Sustainable Communities Start At SCS
The National Brownfields Training Conference is the largest event in the nation focused on environmental revitalization and economic redevelopment. The conference attracts nearly 3,000 stakeholders in brownfields redevelopment and cleanup, including SCS Engineers, who share knowledge about sustainable reuse and celebrate the success of the EPA Brownfields program. This year’s conference will be at the David L. Lawrence Convention Center in Pittsburgh.
At the conference, you can meet SCS professionals , including Senior Vice President and Brownfields specialist, Mike McLaughlin, and view Betty Socha’s Infographic on Concurrent Brownfield Redevelopment and Site Remediation – here’s the abstract:
Madison, the capital city of Wisconsin, was built on the isthmus between Lakes Mendota and Monona in the 1800s. Areas adjacent the hills on which the capital, the downtown, and the university were built were marshlands filled in with municipal and industrial wastes in order to accommodate the commercial and industrial development of these low lying areas. Despite major impediments to redevelopment related to the historically contaminated fill soils, shallow groundwater, and the impacts of decades of industrial and commercial uses, the isthmus is a focal point for residential and commercial redevelopment. Whole city blocks are being transformed into multi-story, multi-use buildings, parking facilities, affordable housing units, and entertainment venues. Most of the redevelopments are fast-tracked – evolving from abandoned, vacant land to showcase areas of the city in just a few years. How’s it being done? Remediation, and sometimes aspects of site investigations, is done concurrently with site redevelopment. Typical remediation can include excavation of contaminated soil in conjunction with the excavation of the new building foundation, installation of deep pile systems to minimize soil disposal costs, and installation of vapor barrier and venting systems to mitigate vapor intrusion potential associated with residual soil and groundwater impacts. Property developers are addressing direct contact concerns from residual contaminated soils by capping them with paved parking areas, landscaping, or new buildings. Exemptions for disposal of low-level contaminated soil at sites other than landfills can also be big cost savings to developers. Typically developers offset environmental costs by securing financial assistance from an EPA Brownfield site investigation grant to the City of Madison, tax credits, incremental tax financing, and Brownfield grants from the Wisconsin Economic Development Corporation.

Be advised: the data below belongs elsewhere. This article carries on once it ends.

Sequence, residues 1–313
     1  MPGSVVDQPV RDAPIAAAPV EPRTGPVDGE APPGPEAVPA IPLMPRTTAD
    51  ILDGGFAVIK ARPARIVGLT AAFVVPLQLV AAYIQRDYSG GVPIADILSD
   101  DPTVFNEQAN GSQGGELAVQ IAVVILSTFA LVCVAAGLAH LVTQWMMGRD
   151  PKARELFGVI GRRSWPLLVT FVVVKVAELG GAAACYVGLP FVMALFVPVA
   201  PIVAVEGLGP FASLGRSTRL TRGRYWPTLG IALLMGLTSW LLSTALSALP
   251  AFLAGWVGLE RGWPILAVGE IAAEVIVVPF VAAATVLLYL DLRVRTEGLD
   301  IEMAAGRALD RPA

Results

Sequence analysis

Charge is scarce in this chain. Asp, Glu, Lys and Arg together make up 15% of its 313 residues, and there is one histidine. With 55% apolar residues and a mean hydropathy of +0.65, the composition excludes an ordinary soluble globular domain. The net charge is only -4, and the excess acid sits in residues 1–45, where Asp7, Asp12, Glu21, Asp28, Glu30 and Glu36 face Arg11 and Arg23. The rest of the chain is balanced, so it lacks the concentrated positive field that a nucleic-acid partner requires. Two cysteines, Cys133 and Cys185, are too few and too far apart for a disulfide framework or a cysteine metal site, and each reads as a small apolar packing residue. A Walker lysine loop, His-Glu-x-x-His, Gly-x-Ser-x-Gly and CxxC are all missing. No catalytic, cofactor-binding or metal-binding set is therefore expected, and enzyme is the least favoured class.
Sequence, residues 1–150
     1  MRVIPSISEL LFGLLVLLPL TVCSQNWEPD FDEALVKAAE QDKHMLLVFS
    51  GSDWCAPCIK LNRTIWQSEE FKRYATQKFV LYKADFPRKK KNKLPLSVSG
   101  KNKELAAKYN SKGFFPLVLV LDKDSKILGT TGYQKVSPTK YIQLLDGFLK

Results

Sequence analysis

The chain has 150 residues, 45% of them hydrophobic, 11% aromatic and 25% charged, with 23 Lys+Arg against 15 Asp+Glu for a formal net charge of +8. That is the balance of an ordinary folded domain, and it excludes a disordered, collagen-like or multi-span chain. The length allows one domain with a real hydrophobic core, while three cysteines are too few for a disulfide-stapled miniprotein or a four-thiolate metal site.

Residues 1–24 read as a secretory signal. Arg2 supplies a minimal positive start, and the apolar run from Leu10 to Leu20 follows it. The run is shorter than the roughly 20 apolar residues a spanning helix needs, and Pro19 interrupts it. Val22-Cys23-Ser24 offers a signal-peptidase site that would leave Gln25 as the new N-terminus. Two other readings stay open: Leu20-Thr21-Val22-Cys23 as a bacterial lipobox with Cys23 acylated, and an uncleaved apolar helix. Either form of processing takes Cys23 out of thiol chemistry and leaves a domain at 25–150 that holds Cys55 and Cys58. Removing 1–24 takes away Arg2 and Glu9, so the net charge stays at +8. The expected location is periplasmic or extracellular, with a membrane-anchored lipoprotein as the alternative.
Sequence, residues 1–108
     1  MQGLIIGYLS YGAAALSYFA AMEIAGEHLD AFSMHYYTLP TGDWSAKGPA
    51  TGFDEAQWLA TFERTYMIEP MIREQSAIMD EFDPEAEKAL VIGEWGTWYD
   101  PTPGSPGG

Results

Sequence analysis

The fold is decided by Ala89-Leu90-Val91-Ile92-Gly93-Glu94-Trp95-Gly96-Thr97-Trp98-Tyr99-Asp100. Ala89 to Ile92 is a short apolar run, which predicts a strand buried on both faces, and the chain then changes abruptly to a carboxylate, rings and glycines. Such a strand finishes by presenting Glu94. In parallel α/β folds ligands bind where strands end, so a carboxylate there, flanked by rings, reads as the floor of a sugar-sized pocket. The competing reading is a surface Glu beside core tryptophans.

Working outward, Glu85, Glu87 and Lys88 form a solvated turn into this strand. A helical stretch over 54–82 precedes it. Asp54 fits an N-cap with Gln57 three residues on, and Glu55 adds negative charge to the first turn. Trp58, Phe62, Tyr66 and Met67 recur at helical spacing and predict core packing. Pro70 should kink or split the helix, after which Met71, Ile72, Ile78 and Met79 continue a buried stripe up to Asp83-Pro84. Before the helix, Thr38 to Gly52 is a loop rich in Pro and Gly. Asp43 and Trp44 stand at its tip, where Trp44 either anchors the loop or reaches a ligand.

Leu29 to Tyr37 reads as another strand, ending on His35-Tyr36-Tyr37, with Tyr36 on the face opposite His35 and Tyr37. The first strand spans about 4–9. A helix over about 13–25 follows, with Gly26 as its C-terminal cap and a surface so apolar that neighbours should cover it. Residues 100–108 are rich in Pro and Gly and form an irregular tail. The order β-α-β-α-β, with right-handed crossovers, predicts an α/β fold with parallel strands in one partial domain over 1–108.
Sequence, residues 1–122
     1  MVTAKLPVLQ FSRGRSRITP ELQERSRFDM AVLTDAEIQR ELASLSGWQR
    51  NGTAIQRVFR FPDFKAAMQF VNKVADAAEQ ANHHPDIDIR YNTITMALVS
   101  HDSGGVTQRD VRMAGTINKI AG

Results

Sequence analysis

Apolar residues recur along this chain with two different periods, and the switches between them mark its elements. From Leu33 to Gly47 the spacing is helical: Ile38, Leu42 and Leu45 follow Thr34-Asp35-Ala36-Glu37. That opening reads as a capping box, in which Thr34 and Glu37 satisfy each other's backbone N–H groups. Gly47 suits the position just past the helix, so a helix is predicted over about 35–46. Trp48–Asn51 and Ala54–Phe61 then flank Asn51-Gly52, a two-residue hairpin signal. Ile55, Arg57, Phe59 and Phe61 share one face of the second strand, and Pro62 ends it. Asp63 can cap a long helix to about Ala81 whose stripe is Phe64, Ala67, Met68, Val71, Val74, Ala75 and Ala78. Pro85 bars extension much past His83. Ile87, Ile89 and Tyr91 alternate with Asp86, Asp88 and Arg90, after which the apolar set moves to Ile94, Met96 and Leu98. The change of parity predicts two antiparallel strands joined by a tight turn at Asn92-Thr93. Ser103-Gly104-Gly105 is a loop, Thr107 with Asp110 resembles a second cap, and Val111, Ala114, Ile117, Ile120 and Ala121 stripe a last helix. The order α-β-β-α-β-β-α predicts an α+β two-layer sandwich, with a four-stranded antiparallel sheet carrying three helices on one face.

SCS Engineers has supported several isthmus redevelopments, starting with site investigations through an EPA Brownfield grant to the City of Madison, through site construction and remediation, and final case closure with Wisconsin Department of Natural Resources (WDNR).